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HRIDAYA

Sanskrit for Heart


HRIDAYA:

  • hrid=center

  • ayam=this


Most people, yoga adherents as well, think of the heart as being on the left side. When Mercedes De Acosta met with the Bhagavan Sri Ramana Maharshi at his ashram the Maharshi placed his right hand in the form of a fist on her right breast and said:


"Here lies the Heart, the Dynamic, Spiritual Heart. It is called Hridaya and is located on the right side of the chest and is clearly visible to the inner eye of an adept on the Spiritual Path. Through meditation you can learn to find the Self in the cave of this Heart." (see)


A staunch devotee of the Bhagavan sent a letter from England asking for an explanation as to the term Hridaya and its significance. The following is the gist of the reply written by T. K. Sundaresa Iyer and approved by the Bhagavan:


"Just as there is a cosmic center from which the whole universe arises and has its being and functions with the power or the directing energy emanating therefrom, so also is there a center within the frame of the physical body wherein we have our being. This center in the human body is in no way different from the cosmic center. It is this center in us that is called the Hridaya, the seat of Pure Consciousness, realized as Existence, Knowledge and Bliss. This is really what we call the seat of God in us.

"It is this Hridaya that is said to be different from the physical heart, regulating the blood circulation. The Hridaya has its being on the right side and is not commonly known or felt. The primary thought in us arising as 'I,' when traced to its source, ends somewhere in us and this place, where all thoughts die, where the ego has vanished, is the Hridaya. From this center is felt and enjoyed the Pure Consciousness.

"Hridaya described as 'the literal, actual, physical seat of the intuition of the Self' has the meaning explained above. Perhaps the words 'physical seat' may create some confusion. What it really means is that there is a center of Pure Consciousness in the physical body. It is related to the physical, but is not itself physical.

"The word Hridaya is a composite of hrid and ayam - "center, this". It is the center on the right, which we reach as a result of meditation (Samadhi). From the Hridaya, consciousness arises to the sahasrara through the sushumna and from there spreads out to all the parts of the body through the several 'nadis'. Then alone we become conscious of the objects around us. Man, due to the illusion that these have real existence, experiences suffering, as he strays far away from his Self. The seat from where all these arise and manifest is the Hridaya.

"Whether in sleep, joy, sorrow, fear or satisfaction, we return to this heart and that is why we feel lost to all consciousness of things around. If by meditation or Vichara we attain to our centre, the Hridaya, and thus are our real Self, we enjoy unalloyed bliss.

"In the course of tracing ourselves back to our source, when all thoughts have vanished, there arises a throb from the Hridaya on the right, manifesting as 'Aham' 'Aham'. This is the sign that Pure Consciousness is beginning to reveal itself. But that is not the end in itself. Watch wherefrom this sphurana (throbbing) arises and wait attentively and continually for the revelation of the Self. Then comes the awareness, oneness of existence.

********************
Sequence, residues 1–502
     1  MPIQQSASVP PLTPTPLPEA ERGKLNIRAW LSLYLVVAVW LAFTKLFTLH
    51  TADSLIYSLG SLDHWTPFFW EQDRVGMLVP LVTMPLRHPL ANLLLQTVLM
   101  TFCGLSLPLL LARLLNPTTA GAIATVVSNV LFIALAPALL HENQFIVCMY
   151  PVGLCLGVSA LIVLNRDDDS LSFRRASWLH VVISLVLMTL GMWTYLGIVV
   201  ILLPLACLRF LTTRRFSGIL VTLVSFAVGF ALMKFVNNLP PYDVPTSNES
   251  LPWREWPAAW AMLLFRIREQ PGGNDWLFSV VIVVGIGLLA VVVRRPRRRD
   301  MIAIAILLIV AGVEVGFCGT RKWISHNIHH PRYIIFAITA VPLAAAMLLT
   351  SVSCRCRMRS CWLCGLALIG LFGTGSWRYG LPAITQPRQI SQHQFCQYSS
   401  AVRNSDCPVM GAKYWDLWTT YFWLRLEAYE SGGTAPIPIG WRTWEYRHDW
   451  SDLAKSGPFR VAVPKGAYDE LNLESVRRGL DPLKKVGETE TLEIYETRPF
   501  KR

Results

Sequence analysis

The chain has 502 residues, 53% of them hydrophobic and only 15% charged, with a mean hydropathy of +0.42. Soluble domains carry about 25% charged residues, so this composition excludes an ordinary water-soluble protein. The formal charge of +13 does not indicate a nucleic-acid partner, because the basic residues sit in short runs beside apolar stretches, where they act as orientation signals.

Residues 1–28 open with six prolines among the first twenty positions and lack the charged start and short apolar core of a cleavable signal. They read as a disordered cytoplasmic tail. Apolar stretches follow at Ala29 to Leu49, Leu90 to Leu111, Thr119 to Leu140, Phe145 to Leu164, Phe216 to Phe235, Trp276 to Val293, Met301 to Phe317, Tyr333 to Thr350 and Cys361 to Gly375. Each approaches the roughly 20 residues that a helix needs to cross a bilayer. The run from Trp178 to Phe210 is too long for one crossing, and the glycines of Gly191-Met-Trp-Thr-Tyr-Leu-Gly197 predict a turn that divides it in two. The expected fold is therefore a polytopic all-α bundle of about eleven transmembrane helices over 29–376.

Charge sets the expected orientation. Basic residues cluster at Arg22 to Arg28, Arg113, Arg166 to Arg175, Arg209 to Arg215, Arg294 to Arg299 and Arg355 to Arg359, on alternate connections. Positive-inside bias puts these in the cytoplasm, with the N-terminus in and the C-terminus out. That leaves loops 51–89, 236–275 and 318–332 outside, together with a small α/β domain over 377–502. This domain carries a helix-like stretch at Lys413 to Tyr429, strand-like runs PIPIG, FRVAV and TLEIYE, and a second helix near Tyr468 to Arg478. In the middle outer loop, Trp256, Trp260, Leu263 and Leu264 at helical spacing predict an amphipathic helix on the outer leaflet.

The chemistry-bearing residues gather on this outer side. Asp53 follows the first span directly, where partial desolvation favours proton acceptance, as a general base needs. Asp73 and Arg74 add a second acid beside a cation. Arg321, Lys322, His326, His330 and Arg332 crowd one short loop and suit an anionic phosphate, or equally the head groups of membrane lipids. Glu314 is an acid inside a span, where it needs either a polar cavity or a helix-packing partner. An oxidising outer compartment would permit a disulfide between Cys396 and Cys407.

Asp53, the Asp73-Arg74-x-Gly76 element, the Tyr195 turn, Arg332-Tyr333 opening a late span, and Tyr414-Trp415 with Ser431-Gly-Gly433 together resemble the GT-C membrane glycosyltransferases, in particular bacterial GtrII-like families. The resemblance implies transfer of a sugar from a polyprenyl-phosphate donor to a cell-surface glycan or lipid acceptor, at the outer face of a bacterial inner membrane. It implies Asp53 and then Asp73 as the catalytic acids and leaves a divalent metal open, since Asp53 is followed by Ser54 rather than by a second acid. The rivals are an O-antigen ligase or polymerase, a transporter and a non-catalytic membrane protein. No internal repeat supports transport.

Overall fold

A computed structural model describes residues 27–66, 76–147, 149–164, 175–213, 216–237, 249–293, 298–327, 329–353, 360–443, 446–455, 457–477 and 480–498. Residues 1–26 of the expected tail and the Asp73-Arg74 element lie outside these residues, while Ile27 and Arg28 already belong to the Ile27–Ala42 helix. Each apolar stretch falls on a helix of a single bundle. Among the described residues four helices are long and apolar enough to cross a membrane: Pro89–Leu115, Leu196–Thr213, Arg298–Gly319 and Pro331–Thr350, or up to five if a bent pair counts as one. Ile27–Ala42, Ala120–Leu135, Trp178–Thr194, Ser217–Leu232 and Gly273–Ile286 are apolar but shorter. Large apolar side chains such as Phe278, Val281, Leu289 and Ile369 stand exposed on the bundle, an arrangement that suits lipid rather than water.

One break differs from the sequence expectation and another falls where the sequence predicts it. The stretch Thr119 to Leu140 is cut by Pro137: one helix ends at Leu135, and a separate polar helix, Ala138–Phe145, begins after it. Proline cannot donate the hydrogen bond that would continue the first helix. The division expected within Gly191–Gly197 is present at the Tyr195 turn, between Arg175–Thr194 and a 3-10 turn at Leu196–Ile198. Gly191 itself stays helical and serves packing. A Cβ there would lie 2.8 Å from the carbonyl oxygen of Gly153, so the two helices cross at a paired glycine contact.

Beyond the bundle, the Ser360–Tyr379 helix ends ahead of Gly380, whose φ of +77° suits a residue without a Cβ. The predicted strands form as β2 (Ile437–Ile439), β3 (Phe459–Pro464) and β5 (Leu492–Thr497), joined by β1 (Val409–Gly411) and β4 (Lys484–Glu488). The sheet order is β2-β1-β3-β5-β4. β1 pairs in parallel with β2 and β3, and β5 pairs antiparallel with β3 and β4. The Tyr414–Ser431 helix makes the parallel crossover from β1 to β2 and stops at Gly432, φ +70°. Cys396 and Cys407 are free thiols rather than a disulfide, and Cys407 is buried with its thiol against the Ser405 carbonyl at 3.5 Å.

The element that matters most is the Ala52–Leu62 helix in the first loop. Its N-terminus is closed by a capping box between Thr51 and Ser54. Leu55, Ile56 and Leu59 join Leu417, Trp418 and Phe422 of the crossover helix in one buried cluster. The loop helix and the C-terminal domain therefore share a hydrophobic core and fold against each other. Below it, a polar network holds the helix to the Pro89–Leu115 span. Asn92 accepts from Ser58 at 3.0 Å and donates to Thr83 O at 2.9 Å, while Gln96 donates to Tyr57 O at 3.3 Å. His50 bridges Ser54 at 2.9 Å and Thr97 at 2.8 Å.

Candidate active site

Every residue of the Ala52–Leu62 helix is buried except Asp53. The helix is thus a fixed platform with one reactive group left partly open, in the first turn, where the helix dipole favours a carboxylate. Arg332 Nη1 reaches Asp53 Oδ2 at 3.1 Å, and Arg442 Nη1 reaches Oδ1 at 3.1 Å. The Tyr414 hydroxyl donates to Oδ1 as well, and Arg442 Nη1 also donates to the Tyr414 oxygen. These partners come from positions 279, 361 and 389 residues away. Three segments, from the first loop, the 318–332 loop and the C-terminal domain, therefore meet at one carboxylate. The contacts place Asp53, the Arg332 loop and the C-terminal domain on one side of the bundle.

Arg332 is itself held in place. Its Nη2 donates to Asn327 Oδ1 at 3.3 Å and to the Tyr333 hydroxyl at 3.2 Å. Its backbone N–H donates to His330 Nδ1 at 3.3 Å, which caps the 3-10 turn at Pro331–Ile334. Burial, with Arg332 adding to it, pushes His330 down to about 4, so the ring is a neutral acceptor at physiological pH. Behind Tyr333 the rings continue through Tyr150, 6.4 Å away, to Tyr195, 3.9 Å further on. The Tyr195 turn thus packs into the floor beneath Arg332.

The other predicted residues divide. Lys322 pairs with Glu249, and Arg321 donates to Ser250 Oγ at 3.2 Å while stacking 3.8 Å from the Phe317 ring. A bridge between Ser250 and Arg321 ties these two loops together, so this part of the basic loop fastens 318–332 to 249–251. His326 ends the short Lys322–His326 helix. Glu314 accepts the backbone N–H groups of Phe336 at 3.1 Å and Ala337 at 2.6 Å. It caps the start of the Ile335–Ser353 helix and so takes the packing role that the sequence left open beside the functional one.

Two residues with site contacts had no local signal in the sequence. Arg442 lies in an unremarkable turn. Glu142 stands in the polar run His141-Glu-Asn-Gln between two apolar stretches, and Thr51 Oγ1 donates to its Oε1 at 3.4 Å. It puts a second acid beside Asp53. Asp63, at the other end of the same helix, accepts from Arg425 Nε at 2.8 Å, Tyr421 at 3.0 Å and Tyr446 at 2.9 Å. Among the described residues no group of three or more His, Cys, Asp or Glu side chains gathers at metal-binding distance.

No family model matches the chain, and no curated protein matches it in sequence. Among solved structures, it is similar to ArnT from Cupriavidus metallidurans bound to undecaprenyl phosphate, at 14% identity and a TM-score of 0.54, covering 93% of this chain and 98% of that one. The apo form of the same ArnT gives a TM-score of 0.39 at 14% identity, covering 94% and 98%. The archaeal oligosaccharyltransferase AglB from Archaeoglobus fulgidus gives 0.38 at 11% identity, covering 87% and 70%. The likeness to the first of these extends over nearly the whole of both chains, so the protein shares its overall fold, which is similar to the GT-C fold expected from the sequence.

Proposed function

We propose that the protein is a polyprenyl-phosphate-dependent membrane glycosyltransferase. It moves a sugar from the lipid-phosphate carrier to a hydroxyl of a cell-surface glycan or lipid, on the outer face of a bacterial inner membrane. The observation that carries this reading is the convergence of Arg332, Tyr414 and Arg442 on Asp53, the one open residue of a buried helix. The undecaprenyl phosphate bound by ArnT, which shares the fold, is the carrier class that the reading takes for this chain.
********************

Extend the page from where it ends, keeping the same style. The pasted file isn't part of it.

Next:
"When we steady our breath we feel the steadying of our thoughts. Then the thoughts turn inward and melt away at a point. Watching this point, where the thoughts vanish, will also help us to merge ourselves in the Hridaya."


It is often said that when you truly need a teacher --- or that which will function in lieu of a teacher --- one (or it) will appear. This may due to some inexplicable serendipity. It may be due to the fact that the seeker has searched deeply within himself or herself and determined what sort of instruction seems to be required. It could be swept over him or her like the First Death Experience of the Bhagavan Sri Ramana Maharshi, or the Bhagavan's little known Second Death Experience. Or it could be a spiritual desperation on the part of the seeker, or maybe no more than a successful sales pitch by a teacher (sincere or not). It may be a combination of the previous factors, or some intuitive awareness beyond expression. For whatever the reason, the saying often applies and the coming together of the results of inner and outside forces, some within one's control, some without, can be found most eloquently as they all come together in the following:


SRI RAMANA MAHARSHI: THE LAST AMERICAN DARSHAN
RECOUNTING A YOUNG BOY'S NEARLY INSTANT TRANSFORMATION INTO THE ABSOLUTE DURING HIS ONLY DARSHAN WITH THE MAHARSHI


It should be noted that Adam Osborne, who, as a young boy grew up at the Ramana ashram and the son of one of the foremost Ramana biographers Arthur Osborne, played a prominent role in the Last American Darshan as linked above.


Fundamentally, our experience as experienced is not different from the Zen master's. Where
we differ is that we place a fog, a particular kind of conceptual overlay onto that experience
and then make an emotional investment in that overlay, taking it to be "real" in and of itself.


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AWAKENED TEACHERS FORUM


ZEN ENLIGHTENMENT IN A NUTSHELL




GASSHO
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CLICK
HERE FOR
ENLIGHTENMENT

ON THE RAZOR'S
EDGE

SEE:

AUSHADHIS: Awakening and the Power of Siddhis Through Herbs

THE TWELVE YEAR RULE: The Unmanifested SAT


BHAGAVAN SRI RAMANA MAHARSHI




ANNA JONES







FROM:

"MOMENTS REMEMBERED"

Compiled by V. Ganesan
Collection of anecdotes involving the Maharshi and
reminiscences by seekers, from many of which the
reader can derive spiritual lessons.
134 Pages, Paperback